Analysis Of Charles Jencks The Language Of Post Modern Architecture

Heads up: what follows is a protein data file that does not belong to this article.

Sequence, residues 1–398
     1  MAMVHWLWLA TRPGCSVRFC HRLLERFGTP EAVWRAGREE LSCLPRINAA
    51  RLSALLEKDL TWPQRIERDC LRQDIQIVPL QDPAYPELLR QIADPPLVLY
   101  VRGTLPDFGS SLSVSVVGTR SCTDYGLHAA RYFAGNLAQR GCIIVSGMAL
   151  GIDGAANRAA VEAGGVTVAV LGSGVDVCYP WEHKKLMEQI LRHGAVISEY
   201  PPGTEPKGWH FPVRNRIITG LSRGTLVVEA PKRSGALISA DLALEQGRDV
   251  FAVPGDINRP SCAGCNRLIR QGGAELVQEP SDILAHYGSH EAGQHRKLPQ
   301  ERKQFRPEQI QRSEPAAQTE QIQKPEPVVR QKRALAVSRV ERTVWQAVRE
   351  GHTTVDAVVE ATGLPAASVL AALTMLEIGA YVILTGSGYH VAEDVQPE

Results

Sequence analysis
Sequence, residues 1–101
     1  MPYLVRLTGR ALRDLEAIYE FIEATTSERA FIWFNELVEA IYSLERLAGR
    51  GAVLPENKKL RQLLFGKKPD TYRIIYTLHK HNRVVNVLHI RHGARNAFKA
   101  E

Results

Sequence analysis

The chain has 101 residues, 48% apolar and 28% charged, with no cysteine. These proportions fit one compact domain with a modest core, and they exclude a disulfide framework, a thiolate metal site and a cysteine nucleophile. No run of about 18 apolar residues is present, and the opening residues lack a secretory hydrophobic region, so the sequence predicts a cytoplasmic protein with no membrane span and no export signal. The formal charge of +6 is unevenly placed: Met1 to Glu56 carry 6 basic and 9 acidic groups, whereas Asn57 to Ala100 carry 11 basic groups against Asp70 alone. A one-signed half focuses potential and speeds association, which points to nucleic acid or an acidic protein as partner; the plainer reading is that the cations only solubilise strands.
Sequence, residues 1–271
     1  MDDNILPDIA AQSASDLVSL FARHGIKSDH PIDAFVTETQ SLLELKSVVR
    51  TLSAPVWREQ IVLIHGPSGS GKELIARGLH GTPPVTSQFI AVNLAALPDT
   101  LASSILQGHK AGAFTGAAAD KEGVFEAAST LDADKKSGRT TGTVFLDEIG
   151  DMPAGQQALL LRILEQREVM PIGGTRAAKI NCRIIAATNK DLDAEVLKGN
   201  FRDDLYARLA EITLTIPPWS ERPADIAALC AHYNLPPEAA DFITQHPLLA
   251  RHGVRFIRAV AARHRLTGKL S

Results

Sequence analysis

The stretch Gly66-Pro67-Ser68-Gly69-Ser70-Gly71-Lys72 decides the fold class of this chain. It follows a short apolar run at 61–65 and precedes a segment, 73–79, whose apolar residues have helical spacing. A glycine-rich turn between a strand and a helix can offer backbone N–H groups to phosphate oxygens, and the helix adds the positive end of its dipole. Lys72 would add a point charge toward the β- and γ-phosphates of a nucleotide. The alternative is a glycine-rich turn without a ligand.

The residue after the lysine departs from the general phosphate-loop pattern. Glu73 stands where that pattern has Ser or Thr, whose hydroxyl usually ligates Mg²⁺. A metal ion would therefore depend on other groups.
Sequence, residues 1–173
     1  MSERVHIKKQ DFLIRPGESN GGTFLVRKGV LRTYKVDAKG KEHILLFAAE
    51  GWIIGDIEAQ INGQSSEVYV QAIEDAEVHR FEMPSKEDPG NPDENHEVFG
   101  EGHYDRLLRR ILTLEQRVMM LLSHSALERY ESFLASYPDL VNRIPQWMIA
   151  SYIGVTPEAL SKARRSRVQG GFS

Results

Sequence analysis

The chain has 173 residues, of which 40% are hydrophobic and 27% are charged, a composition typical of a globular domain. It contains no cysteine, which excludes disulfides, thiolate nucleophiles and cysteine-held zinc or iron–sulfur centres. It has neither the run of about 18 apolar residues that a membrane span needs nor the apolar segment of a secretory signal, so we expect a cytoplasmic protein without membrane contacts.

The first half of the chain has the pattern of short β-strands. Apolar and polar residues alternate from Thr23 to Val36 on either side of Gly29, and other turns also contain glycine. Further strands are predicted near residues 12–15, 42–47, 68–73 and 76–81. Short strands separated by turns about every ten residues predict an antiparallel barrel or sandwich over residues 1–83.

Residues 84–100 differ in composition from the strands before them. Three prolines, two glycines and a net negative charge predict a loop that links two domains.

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Charles Jencks in his book “The Language of Post-Modern Architecture “shows various similarities architecture shares with language, reflecting about the semiotic rules of architecture and wanting to communicate architecture to a broader public. The book differentiates post-modern architecture from architectural modernism in terms of cultural and architectural history by transferring the term post-modernism from the study of literature to architecture. Jencks briefly explains post-modern aesthetics from their modernist predecessors’ and pinpoints the instant of modernism’s death, writing “Happily, we can date the death of Modern Architecture to a precise moment in time… Modern Architecture died in St. Louis, Missouri, on July 15, 1972 at 3:32 p.m. (or thereabouts)...” (23). Unlike Jencks, literary scholars talk about the first, most original or famous representatives of modernism, but they completely avoid pinpointing an ultimate end to the movement. Due to architecture’s visual character and Jencks’ early, authoritative, and internationally read scholarship, the differences between modern and post-modern aesthetics are often clearer in architecture than in literature. Architecture provides a helpful visual counterpoint for modern and post-modern aesthetics in literature. According to him, architectural post-modernism favours pluralism, complexity, double coding, and historical contextualism. Jencks believes “the glass-and-steel box has become the single most used form in Modern Architecture and it signifies throughout the world ‘office building’” (27). Thus, modern architecture is univalent in terms of form, in other words it is designed around one out of a few basic values using a limited number of materials and right angles. In... ... middle of paper ... ...significances and codes and his recommendation of what style works in different situations and who should have designed it. It moves seamlessly from a quotidian understanding to a connoisseur, to a formalist and then to an appreciation, regardless if he likes the outcome or not. This appreciation of work, regardless of its complexity and the simplicity that deciphers meaning outside of the form, is what characterizes Jencks work. The book as a description of modern architecture, its styles and influence succeeds but falls short as a prescriptive methodology. His work is still recalled for the need by modernists to categorize everything into neat little boxes, not necessarily for the sake of uniformity, but for sake of some ambiguity. The ambiguity may be the triumph of this book as post modern architecture era is supposed to create more questions than the answers.

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